by Les Hughes
© 1993 by author
Originally designated U.S. Experimental Station, Detachment 101, OSS, and activated in September of 1942, the organization was formed to conduct intelligence and paramilitary operations in China. But the political complexities of the CBI Theater coupled with the needs of the moment led to the deployment of Detachment 101 in Burma. Trained by Detachment 101 and fighting alongside the unit were a group of indigenous Burmese tribes referred to collectively by the Americans, the British, and the tribesmen themselves as Kachins. Additionally, the name Jingpaw was one that several of the tribes themselves used.
Although Detachment 101's Jingpaw Rangers and Kachin Rangers shoulder sleeve insignia (SSI) are readily familiar to insignia collectors, there seems to be a fair amount of uncertainty regarding their origin. In addition to the standard U.S.-made versions of these SSI, there are examples which have been modified in such a way as to remove the USA and invert the red and white striped portion of the shield. Were the U.S.-made SSI actually worn? Were some of the SSI modified during the war, and if so, why?
The answer to both questions is yes. Ed Milligan, who has long had both an interest in Detachment 101 and close ties to its Association of veterans, summarized for me what he'd been told regarding the SSI by Dennis Cavanaugh, a 101 veteran who serves as the Detachment 101 Association's historian. Subsequently, I telephoned Cavanaugh and discussed the matter with him; and he generously sent me quite a bit of information. This is what Cavanaugh wrote regarding the SSI.
"They came from Calcutta in a cardboard box about 2'x3'x18" and sat on the floor between Ray Peers's office and mine in our basha in Bhamo. We were told they were not to be issued—there was a problem. However, I dipped in and snagged a few, and so did others. Before I wrote the article [in the 101 Association Newsletter] I talked to several people about them, including Ray Peers, but all I got were mumbles in return. So all I can tell you is that I guess we ordered them before checking with Theater headquarters. The British were irritated about the USA because Burma was part of their Empire, not ours. So that went. Somebody else said it was too much like the CBI patch. So we turned it upside-down—and I thought it suggested a pagoda, which was neat. It came out as you see it. The original [unaltered] ones that later showed up were the stolen ones. ...However, sometime later another patch, Jingpaw Rangers, came out, and I snagged a couple of those. Since I was airdrop supply officer I had access."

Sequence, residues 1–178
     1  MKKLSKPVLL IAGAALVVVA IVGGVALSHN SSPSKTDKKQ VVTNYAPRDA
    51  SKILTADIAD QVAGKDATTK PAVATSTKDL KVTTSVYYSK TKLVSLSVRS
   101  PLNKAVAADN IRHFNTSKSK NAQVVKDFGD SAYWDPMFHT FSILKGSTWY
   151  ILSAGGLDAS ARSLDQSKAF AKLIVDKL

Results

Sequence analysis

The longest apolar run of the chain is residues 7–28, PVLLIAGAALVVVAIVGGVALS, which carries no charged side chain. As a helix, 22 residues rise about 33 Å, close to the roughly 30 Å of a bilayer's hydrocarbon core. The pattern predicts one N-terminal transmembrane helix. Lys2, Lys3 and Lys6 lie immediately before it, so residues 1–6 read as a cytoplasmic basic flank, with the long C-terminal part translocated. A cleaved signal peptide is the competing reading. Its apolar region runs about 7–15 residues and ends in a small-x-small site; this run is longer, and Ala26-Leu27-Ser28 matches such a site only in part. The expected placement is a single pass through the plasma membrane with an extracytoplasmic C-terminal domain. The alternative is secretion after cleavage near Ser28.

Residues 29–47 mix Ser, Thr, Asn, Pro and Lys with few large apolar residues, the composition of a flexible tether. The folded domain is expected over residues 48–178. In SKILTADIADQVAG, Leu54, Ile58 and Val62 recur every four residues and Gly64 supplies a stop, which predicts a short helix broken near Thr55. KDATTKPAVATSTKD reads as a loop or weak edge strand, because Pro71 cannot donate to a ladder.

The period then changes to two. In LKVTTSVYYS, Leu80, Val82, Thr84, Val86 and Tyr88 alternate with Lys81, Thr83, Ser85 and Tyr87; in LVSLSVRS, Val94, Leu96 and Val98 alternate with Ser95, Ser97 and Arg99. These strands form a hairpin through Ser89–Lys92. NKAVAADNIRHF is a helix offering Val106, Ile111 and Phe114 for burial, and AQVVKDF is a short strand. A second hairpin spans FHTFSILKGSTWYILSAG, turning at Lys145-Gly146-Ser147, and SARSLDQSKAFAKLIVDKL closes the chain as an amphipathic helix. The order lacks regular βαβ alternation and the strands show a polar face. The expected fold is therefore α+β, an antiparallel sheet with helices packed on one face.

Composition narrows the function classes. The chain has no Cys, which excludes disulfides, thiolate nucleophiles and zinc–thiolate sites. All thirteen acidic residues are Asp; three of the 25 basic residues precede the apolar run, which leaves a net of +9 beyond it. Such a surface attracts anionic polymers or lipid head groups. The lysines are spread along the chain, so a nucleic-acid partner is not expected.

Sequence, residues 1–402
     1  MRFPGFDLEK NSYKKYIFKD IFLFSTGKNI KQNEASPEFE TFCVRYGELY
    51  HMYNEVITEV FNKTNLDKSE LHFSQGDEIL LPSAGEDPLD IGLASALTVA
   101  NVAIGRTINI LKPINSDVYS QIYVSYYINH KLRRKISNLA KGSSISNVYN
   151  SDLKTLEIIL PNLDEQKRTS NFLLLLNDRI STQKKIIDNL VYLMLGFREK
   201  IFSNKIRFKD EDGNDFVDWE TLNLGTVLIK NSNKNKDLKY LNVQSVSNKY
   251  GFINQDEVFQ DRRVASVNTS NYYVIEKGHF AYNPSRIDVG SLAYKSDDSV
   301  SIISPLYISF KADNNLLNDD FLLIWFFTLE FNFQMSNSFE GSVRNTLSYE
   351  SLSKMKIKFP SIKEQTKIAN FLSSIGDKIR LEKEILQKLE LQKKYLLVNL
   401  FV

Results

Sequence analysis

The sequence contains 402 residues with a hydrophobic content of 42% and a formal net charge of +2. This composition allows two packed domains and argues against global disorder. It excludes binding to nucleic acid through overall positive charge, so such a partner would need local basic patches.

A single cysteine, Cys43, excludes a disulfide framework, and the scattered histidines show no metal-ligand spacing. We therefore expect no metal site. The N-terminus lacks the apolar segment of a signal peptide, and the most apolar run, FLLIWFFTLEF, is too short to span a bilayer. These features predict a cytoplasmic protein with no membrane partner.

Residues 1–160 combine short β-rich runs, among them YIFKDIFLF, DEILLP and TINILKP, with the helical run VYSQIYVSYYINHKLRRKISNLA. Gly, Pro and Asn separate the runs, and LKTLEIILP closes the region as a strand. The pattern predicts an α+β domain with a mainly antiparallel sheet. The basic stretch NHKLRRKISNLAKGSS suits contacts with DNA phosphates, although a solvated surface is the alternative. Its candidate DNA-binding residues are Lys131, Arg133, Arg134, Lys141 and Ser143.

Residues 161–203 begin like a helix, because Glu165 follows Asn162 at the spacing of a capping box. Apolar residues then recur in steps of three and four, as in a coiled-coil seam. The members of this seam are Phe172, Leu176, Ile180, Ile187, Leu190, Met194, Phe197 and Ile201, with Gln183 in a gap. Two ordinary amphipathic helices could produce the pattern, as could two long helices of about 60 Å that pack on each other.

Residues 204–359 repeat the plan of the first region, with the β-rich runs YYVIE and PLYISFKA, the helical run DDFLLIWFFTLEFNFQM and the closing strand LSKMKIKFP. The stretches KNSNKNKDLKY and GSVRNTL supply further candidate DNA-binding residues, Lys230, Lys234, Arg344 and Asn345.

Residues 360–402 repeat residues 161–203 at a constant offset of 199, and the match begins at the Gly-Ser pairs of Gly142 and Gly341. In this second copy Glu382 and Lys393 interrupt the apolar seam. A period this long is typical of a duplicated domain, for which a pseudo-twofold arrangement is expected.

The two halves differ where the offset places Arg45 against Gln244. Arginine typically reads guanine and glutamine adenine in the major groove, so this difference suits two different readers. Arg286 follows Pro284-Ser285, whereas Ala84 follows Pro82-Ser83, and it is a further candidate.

Cavanaugh sent me a photocopy of the only 101 SSI still in his possession: a modified Jingpaw Rangers SSI. In fact, all of the modified SSI that I have seen have been the Jingpaw Rangers version.
(The story has circulated among collectors that the name 'Jingpaw'—which translates as 'man' or 'human'—was considered to be derogatory by the Kachins, and this led them to reject the Jingpaw Rangers SSI. I could not find any evidence to support this story. Based on my conversations with 101 veterans who are very knowledgable about the various tribes of Burma, I concluded that if there was any preference for the Kachin Rangers version over the Jingpaw Rangers version, it was because more of the tribesmen identified with the name Kachin than did with the name Jingpaw.)